Recovering From A Career Setback

– Posted in: career management
career setback

don’t give up too soon

Because my work takes me from company to company and person to person, I get to see both the ups (career win!) and the downs (career setback). I have also seen committed and talented professionals turn setbacks into wins.

Spring often ushers in performance review season, and I posted in Forbes about preparing for a bad performance review – what to do if you have underperformed in the last few months and are expecting some tough feedback. But what if you don’t have a performance review to worry about, or you just feel like you’re off your game and want to bounce back. The ideal strategy for recovering from a career setback will depend on what the particular difficulty is. Here are five questions to ask yourself to help diagnose and fix your career problem:

Do you need to update your skills?

If your performance is falling behind, it could be that the market is more challenging, and you haven’t kept your skills competitive. One company I worked with switched technology platforms, which impacted finance, HR, sales, and almost every other department. There was no way around updating each worker’s skill set for the ins and outs of the new platform but also for the best practices in their individual roles.

What has changed at your company? Do you need to update your skills to meet the new challenge? Your company might offer in-house training, or you may have to build your own professional development plan.

Are you flexing to your current situation?

Your skills might be fine but you may need to adjust them to a new situation. If you are newly promoted to management, you may have some blind spots hurting your leadership performance. Even if you are an experienced manager, but your team has grown or changed, you may not be flexing your management style to your new team.

What has changed in your role? Do you need to coach more from the sidelines or be more directly hands-on? Do you need to focus on relationships outside your immediate area if your work has grown more cross-functional?

Are you nearing burnout?

Maybe you’re doing fine in the company’s eyes, but you don’t feel fine. You have a strong performance review but don’t feel good about your work or about going to work. Before you quit your job, which is an extreme solution to the problem of burnout, experiment with some smaller changes like refocusing your day-to-day activities to do more of what you enjoy and other suggestions I posted in Forbes.

Is there a career setback in the eyes of others or just yourself? If you can maintain your performance, even if your morale is low, you buy yourself some time to adjust your situation. You may still fall back in love with your job, or you can find ways to change it enough so that your personal feeling doesn’t impact your professional performance.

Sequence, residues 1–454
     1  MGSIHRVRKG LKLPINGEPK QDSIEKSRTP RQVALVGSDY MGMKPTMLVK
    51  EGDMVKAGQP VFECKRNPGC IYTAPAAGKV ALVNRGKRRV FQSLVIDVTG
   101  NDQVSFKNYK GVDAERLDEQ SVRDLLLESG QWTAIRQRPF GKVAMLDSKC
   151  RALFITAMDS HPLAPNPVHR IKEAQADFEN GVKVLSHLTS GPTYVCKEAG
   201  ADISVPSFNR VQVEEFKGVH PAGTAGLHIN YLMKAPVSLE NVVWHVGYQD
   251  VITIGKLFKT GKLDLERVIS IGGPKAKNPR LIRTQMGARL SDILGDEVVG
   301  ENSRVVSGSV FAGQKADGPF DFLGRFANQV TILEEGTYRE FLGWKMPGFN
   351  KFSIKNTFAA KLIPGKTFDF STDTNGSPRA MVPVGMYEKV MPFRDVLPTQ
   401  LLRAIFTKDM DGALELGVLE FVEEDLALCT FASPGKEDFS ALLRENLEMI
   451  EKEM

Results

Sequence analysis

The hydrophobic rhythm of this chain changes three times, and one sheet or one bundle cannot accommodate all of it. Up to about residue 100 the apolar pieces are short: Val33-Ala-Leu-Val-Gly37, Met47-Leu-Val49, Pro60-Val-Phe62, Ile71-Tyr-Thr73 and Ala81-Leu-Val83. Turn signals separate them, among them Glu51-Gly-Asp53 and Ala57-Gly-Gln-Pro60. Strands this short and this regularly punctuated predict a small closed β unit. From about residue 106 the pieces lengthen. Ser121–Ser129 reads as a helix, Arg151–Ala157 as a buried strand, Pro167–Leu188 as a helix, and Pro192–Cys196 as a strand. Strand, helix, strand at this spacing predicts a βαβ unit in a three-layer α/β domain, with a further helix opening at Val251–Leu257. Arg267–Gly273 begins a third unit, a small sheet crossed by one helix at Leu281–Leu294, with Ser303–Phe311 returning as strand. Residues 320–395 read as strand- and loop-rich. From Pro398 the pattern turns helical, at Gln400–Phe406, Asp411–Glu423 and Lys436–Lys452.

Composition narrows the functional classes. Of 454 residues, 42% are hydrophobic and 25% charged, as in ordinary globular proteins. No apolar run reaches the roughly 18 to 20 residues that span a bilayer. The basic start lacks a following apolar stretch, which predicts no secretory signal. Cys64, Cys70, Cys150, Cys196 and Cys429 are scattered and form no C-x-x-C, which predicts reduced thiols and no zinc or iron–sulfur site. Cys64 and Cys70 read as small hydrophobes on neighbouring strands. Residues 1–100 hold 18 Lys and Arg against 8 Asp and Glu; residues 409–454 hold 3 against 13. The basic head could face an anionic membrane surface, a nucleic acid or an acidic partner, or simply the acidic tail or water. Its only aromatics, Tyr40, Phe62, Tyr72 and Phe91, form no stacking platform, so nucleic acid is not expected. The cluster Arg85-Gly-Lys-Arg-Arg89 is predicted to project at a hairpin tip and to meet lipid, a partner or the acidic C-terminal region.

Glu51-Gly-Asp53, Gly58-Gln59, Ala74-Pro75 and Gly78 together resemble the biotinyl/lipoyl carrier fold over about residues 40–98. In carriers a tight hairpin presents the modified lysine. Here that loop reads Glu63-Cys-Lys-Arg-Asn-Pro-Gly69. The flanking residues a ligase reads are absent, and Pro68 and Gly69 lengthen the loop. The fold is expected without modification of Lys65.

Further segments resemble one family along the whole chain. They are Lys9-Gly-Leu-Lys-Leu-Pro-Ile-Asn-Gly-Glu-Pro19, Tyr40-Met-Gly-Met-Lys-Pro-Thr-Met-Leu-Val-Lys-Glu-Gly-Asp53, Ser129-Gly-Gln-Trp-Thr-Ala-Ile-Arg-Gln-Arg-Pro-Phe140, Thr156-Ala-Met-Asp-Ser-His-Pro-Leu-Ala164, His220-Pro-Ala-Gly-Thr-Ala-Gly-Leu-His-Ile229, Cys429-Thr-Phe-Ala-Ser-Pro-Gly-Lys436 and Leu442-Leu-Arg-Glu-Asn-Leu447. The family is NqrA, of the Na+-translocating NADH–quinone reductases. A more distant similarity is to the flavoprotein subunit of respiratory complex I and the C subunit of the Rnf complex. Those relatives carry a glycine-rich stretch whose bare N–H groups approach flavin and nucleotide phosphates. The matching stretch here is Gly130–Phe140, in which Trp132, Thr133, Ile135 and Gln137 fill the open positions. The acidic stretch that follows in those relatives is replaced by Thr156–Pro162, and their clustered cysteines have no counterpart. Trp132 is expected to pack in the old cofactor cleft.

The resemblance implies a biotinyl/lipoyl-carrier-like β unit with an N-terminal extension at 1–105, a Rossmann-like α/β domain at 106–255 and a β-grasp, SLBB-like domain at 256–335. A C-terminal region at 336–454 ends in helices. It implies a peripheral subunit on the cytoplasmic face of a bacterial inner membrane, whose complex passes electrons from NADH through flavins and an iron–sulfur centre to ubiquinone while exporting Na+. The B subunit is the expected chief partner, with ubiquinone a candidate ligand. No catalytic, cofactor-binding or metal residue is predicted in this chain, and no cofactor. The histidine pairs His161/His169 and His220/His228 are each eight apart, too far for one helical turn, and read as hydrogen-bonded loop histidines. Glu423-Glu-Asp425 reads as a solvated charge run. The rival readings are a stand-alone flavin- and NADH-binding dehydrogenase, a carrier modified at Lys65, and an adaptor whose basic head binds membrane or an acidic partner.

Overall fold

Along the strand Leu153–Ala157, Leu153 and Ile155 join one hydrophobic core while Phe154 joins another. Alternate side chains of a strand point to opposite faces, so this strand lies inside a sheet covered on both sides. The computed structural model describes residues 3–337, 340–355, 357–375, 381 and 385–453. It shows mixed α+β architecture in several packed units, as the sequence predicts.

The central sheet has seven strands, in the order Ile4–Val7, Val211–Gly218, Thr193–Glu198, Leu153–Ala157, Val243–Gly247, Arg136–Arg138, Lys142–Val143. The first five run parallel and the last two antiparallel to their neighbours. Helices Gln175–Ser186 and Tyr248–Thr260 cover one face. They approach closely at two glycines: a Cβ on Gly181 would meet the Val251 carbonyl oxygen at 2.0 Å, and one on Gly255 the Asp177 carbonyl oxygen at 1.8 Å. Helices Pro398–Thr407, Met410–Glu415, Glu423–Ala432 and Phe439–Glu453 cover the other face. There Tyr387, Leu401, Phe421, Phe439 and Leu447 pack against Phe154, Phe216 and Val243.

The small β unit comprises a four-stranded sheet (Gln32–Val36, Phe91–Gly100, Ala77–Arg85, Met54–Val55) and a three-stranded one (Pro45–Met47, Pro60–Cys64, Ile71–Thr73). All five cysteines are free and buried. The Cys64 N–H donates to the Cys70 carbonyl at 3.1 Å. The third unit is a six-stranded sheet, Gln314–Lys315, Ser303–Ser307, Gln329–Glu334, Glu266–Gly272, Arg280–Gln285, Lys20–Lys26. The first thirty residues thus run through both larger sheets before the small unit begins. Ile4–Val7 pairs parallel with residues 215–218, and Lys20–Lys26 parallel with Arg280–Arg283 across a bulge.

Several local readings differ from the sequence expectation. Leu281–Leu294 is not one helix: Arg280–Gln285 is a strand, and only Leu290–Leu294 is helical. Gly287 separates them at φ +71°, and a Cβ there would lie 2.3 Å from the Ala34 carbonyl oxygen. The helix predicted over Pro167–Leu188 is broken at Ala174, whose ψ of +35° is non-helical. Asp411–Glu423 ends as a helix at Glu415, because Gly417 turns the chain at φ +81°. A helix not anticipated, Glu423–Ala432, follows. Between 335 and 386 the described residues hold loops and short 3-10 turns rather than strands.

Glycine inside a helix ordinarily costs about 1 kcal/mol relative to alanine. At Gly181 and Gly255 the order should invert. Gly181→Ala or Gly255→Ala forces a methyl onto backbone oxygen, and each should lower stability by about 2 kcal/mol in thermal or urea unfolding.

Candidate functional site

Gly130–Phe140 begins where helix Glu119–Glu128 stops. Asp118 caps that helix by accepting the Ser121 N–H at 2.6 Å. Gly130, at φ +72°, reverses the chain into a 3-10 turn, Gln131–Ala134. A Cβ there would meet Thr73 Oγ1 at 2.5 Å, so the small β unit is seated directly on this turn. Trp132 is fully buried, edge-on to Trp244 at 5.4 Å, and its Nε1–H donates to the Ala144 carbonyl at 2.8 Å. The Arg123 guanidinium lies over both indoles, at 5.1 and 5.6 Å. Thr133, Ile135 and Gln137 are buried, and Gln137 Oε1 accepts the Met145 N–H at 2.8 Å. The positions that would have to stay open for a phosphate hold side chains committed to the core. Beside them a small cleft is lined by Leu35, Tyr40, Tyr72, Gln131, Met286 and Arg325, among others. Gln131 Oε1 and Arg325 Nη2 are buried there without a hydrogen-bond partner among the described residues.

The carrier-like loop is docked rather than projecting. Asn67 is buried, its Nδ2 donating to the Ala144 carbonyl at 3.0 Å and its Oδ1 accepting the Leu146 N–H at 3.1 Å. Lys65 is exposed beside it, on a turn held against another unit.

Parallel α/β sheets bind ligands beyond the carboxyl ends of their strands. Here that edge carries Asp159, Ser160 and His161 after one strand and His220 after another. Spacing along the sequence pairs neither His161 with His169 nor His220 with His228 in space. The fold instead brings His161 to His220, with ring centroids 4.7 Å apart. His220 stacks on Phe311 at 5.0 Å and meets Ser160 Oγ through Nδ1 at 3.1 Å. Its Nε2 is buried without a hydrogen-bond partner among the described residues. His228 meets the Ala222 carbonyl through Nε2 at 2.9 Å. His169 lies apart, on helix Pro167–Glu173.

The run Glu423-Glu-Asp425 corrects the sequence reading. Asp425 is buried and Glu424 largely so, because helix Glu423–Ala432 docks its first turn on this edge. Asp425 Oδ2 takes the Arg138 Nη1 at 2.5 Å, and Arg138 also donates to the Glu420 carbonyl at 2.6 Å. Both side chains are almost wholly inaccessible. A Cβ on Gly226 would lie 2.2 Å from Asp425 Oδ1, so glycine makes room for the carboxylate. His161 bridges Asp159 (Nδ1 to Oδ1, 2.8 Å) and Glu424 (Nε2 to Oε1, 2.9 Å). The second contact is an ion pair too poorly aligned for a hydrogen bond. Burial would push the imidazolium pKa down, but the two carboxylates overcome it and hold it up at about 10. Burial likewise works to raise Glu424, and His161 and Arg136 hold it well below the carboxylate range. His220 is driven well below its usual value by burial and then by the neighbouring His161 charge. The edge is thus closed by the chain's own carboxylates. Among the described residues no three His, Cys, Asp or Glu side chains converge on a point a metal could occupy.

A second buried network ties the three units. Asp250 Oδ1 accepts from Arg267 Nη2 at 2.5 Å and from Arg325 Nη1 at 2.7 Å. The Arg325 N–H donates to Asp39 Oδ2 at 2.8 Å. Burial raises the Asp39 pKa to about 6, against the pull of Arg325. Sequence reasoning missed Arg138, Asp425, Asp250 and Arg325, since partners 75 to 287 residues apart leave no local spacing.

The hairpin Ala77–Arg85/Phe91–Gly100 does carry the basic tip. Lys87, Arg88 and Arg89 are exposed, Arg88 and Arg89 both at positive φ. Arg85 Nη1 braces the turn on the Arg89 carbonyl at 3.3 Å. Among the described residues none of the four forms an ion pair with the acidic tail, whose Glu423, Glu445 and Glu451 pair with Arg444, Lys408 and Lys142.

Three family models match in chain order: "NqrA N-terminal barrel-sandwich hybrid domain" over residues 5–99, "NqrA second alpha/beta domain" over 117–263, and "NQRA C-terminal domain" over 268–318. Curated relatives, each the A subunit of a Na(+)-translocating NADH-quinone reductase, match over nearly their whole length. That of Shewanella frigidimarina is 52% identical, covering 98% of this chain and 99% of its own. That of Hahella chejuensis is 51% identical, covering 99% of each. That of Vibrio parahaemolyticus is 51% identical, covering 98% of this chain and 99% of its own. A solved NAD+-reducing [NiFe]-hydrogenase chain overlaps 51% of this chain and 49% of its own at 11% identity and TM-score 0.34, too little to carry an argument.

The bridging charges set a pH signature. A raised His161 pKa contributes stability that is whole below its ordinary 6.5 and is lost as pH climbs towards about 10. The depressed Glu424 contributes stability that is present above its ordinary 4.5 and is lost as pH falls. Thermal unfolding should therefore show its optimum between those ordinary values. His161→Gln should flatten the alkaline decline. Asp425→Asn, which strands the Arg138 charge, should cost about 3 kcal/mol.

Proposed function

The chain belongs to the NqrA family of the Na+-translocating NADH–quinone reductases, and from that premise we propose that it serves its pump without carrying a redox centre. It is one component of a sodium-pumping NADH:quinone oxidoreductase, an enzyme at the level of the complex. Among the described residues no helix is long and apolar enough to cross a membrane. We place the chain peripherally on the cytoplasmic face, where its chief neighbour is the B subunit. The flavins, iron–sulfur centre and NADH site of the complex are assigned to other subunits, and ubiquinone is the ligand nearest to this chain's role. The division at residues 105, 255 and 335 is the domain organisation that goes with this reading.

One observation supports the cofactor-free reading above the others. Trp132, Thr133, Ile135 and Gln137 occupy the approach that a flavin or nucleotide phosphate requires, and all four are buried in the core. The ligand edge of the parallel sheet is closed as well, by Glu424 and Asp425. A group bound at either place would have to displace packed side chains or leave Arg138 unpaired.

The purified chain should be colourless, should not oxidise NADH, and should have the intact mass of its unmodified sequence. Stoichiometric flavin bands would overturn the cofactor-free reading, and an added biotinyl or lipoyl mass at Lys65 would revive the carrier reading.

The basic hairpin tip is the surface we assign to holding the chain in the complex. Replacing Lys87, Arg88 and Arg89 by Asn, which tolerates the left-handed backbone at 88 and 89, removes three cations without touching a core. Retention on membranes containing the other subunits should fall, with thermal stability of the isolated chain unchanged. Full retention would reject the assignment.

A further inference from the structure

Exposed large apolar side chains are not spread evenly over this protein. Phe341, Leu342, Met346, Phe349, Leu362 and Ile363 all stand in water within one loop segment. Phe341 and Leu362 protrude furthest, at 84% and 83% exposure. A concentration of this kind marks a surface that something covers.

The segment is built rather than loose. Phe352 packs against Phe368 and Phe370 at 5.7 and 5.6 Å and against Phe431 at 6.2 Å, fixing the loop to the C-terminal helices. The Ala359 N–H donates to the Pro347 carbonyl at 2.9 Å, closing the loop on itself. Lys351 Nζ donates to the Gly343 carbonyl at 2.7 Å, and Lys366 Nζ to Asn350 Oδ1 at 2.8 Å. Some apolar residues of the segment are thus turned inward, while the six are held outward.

Do you need support?

One of the critical ingredients for bouncing back from a bad performance review is support from your manager. You will need your manager to maintain an open mind so your performance has a chance to improve. You also may need your manager’s coaching, training, or advocacy to upper management. In addition, you may need help from your mentor, colleagues, and other key people in your network.

Have you identified where you need help outside of yourself? Who is available?

Is the solution outside of your workplace?

Finally, a career setback may be your wake-up call that you need to do something different. Your performance is suffering, and you don’t care that much about bringing it back. You can see the company moving in a different direction, and you’re not that interested in keeping up with the new knowledge and skills you’ll need.

Sometimes we just outgrow the career we have and need to make a change. To get a better sense of what you might enjoy better, I recommend my 100 Dreams exercise. I had so many travel-related dreams on my list that it sparked a whole new direction for me.

If the upcoming performance review season reveals that your career is stalling rather than moving forward, you can absolutely turn it around. Start with the above five questions to get a sense of what the problem might be, and then address that specific issue. Something went wrong but not everything about you is wrong! I have seen many professionals bounce back from a stuck job search or move from one career to a new one more suitable. How about you? What moves will you make to get your career back on track?

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